Its a bit of an odd moment to decide to that influencing the choices of others no longer makes sense isn’t it?  In the CFPA, the so-called “plain vanilla” provision would have required those selling consumer credit products to offer consumers a “plain vanilla” version of the product and disclose the risks of the alternative product before selling any “flavored” variations.  Perhaps what is called for is a similar “plain vanilla” provision for behavioral interventions where the regulator or policy maker must show that they carefully thought through the alternative, “standard” economic interventions before choosing the riskier behavioral intervention.

Its also a critical moment.  Evidence in support of the suggestion that behavioral economics is being used in ways that extend well beyond its limits, and are quite plausibly welfare-decreasing, are not hard to find.  For example, my recent critiques of behavioral antitrust (Nudging Antitrust Part I, Part II) suggest an abuse of behavioral economics to solve policy problems without regard to its limits.  I’ve also pointed out (with co-author David Evans) that the intellectual arguments for some of the regulatory interventions in credit markets found in the CFPA/CFPB, explicitly based on behavioral economics, extend well beyond its logic and limits.   Claims of legal scholars about the policy implications of behavioral economics for consumer contracting also extend well beyond any intellectual and empirical support the behavioral economic literature can provide.  And as readers of TOTM will know, the legal literature in particular has played fast and loose with the endowment effect for quite some time.

Of course, the abuse of behavioral economics by regulators and legal scholars is a danger with any sort of methodological commitment and so, one can equally point out that the same regulators and judges might abuse Chicago School microeconomics, or game theory, or a non-economic methodological commitment, e.g. originalism.  In these situations it is especially important for academics to identify those sorts of abuses.  But it is especially beneficial for leading figures in the “abused” field to stand up and identify policy proposals do not really fit the model.  This is one of the questions that I’ve had about the behavioral economics movement.  Why doesn’t one see a prominent leader of that movement saying: “Wait a minute, that’s not what we had in mind” or “no, that is really not what behavioral economics says.”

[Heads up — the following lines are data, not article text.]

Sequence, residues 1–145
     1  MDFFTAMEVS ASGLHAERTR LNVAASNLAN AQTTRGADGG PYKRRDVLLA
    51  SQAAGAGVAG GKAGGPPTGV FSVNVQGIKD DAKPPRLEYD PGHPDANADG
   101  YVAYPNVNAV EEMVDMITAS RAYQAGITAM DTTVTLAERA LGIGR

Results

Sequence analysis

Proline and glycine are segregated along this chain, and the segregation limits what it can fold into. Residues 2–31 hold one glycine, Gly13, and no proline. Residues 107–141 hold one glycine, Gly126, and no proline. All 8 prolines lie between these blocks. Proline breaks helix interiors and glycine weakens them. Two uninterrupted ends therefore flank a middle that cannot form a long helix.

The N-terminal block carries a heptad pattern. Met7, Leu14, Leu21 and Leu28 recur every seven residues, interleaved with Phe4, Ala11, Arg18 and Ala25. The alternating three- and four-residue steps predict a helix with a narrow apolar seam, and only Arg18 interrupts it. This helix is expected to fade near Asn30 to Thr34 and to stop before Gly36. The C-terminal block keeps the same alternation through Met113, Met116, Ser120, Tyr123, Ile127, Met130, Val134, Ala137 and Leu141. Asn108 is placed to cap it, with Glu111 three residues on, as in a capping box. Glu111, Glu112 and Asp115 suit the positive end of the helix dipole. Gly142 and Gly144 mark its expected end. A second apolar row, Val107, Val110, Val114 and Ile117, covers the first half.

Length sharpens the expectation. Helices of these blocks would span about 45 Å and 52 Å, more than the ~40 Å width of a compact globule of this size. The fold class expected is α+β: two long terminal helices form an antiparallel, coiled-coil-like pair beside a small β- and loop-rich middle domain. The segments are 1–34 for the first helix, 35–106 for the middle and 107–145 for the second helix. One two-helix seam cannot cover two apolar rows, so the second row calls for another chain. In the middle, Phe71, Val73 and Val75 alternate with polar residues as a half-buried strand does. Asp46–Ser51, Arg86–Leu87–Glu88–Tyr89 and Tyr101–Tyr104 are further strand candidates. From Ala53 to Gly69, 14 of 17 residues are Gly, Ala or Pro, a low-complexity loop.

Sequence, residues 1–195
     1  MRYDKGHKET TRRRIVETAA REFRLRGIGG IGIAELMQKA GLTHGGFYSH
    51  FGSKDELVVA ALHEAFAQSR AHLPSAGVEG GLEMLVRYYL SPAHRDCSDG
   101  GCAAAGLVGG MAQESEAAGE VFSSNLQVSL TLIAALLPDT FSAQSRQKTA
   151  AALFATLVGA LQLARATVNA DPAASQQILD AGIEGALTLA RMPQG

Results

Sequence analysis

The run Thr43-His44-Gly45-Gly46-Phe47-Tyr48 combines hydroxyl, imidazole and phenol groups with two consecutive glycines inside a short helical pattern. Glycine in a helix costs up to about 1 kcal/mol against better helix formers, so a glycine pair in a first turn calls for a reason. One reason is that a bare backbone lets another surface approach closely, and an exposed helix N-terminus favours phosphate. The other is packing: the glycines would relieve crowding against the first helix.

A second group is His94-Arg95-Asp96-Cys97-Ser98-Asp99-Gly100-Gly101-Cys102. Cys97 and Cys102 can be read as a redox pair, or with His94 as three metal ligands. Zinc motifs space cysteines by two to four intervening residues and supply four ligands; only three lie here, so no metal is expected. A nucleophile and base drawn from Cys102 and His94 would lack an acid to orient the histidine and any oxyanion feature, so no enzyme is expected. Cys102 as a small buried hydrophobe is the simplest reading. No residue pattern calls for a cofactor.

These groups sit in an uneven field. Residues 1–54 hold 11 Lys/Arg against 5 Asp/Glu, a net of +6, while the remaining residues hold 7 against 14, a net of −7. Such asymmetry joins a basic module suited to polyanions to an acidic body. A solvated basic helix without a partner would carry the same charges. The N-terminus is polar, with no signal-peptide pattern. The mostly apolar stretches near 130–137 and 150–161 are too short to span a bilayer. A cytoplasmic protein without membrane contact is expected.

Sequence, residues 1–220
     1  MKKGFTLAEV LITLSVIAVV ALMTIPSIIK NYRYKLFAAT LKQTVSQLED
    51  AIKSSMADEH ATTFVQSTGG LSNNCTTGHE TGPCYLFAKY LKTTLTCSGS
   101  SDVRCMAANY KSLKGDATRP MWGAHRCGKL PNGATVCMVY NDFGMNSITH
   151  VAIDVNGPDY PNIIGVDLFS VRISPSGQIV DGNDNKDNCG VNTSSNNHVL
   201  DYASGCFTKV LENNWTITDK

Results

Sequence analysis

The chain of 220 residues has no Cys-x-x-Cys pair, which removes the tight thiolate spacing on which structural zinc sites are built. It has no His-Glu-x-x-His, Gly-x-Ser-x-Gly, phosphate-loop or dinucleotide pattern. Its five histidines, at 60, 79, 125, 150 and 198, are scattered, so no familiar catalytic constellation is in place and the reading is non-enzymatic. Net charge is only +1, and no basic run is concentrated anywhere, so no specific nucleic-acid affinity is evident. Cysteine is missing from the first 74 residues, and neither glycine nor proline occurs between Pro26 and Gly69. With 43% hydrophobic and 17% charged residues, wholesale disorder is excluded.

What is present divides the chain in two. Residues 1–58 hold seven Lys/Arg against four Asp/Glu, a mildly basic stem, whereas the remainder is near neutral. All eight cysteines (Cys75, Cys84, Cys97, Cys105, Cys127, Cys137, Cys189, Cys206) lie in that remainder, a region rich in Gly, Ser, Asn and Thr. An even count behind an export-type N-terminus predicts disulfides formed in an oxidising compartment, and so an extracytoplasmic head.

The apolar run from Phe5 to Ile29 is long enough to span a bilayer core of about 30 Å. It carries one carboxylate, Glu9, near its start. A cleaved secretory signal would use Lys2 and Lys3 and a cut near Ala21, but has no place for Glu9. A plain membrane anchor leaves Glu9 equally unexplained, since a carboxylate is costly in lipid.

Asked and answered.  Much to their credit, in Wednesday’s New York Times, behavioral economists George Loewenstein and Peter Ubel do exactly that.  Loewenstein and Ubel write:

But the field has its limits. As policymakers use it to devise programs, it’s becoming clear that behavioral economics is being asked to solve problems it wasn’t meant to address. Indeed, it seems in some cases that behavioral economics is being used as a political expedient, allowing policymakers to avoid painful but more effective solutions rooted in traditional economics.

While they don’t talk about some of my favorite examples in antitrust and the credit markets, they offer some of their own:

Take, for example, our nation’s obesity epidemic. The fashionable response, based on the belief that better information can lead to better behavior, is to influence consumers through things like calorie labeling — for instance, there’s a mandate in the health care reform act requiring restaurant chains to post the number of calories in their dishes.  Calorie labeling is a good thing; dieters should know more about the foods they are eating. But studies of New York City’s attempt at calorie posting have found that it has had little impact on dieters’ choices.

Obesity isn’t a result of a lack of information; instead, economists argue that rising levels of obesity can be traced to falling food prices, especially for unhealthy processed foods.  To combat the epidemic effectively, then, we need to change the relative price of healthful and unhealthful food — for example, we need to stop subsidizing corn, thereby raising the price of high fructose corn syrup used in sodas, and we also need to consider taxes on unhealthful foods. But because we lack the political will to change the price of junk food, we focus on consumer behavior.